Giacomo Puccini - Madama Butterfly

L’Opéra National de Paris, Opéra Bastille | Maurizio Benini, Robert Wilson, Micaela Carosi, Enkelejda Shkosa, Anna Wall, James Valenti, Anthony Michaels-Moore, Carlo Bosi, Vladimir Kapshuk, Scott Wilde | L’Opéra National de Paris, 4th February 2011

What is the colour of Madama Butterfly? You could see it in crude terms of the national flags of the two nations involved in the opera, the red, white and blue of the Stars and Stripes in a clash with Japan’s the Rising Sun (or indeed, more likely in this particular case, with the pink of chrysanthemums). Such a superficial reading of Madama Butterfly, based on David Belasco’s play, a sentimental tearjerker, could perhaps be justified, Puccini’s score even explicitly evoking the American flag in its Star Spangled Banner refrain and attempting to incorporate Japanese music into the score. If you close your eyes however, listen to the emotional core of the music – a much more delicate and sensitive affair than you might at first think – you might visualise the tone of Madama Butterfly as pale green. Or pale green through to deep blue, with an infinite variety of shades in between, illuminated perhaps at various points with flashes of violent red.


Robert Wilson is the master of conveying the emotional tone of an opera in terms of colour and his reading of Madama Butterfly is convincing on this account. No matter that just about every Robert Wilson production works in shades of blue, green and grey – perhaps those are the colours of opera itself. Nonetheless, even operating within such a limited palette as just a personal signature still provides plenty of scope for the director (although I personally found it very restrictive in his production of Aida for the Royal Opera House a few years ago), and it’s particularly effective in this 1993 production revived for the Paris Opera’s 2010-11 season. In terms of staging and props, the production is unexpectedly minimal – ultra-minimal even, perhaps even more sparse than usual for a Robert Wilson production. “Tutti i fiore” there are certainly not in preparation for the return of Pinkerton at the end of Act 2, and is this a dagger I see before me at the conclusion? No, it’s a mimed one.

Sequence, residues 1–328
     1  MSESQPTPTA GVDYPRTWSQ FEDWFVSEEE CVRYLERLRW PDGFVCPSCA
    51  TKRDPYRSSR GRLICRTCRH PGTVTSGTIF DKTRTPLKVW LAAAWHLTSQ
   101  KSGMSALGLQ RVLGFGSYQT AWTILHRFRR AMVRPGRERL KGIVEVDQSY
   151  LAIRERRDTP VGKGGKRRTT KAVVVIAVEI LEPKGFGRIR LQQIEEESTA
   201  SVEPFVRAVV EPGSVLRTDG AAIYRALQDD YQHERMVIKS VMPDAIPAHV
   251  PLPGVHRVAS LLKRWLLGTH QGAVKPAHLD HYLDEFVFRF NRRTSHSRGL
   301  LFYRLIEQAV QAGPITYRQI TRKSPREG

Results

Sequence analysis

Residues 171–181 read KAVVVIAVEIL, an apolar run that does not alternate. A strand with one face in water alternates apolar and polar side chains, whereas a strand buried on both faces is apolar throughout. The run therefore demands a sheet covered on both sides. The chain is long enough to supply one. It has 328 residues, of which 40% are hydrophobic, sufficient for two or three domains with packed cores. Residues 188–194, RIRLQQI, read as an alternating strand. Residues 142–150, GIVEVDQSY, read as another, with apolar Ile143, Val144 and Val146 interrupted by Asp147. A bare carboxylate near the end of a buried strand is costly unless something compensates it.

Aside from his work for Philip Glass, I’m not used to seeing Robert Wilson’s stage productions in anything other than a mythological or generic antiquity setting, which allows plenty of room for personal touches. Madama Butterfly however is a comparatively modern opera, or one at least in a recognisable period and specific cultural setting, but that’s unimportant as far as Robert Wilson is concerned. Everyone is still dressed in togas and tunics, albeit with an almost science-fictional Oriental touch. Overall however, it’s an approach that works well for this opera, stripping it down, the action rarely extending beyond formalised gestures and hand movements that suit if not imitate Japanese social interaction, effectively undercutting the heart-tugging sentimentality of the traditional kitsch faux-Japanese setting. It also makes use of space effectively – there’s no marriage of worlds here – they sit apart, each with their own ideals and needs, and never the twain shall meet.


Toning down the staging is one thing, toning down the music or the singing in Puccini would however be fatal, and consequently the Orchestra of the Opéra de Paris plough on marvellously, not regardless of the staging, but mindful of the simplicity and the subtlety contained within Puccini’s arrangements, as well as the bombast. James Valenti however didn’t find that balance in his Pinkerton. He has a pleasantly toned voice, but it was much too gentle for this role, and he failed to cut an imposing figure as the American imperialist, even ducking some of the higher notes. He certainly didn’t please some sections of the Paris audience at the performance I attended. Micaela Carosi (introduced in the recent Paris Opera production of Andrea Chénier) was announced as being unwell, but took to the stage nonetheless and performed marvellously. She was everything you could want of a Cio-Cio San (barring ethnicity) and, despite her illness, completely mastered a difficult singing role made all the more complicated by the very specific movements, poses and gestures required for this particular production.

Ultimately, Madama Butterfly is any colour you want it to be, but it fits in rather well with Robert Wilson’s uniquely personal palette and stylisations, not detracting from the power of the opera in the way that his work did for Aida, but giving the characters and their emotional lives space, enhancing and supporting the emotional tone in a manner that draws out its subtleties without over-emphasising, vulgarising or sentimentalising the opera’s crowd-pleasing qualities.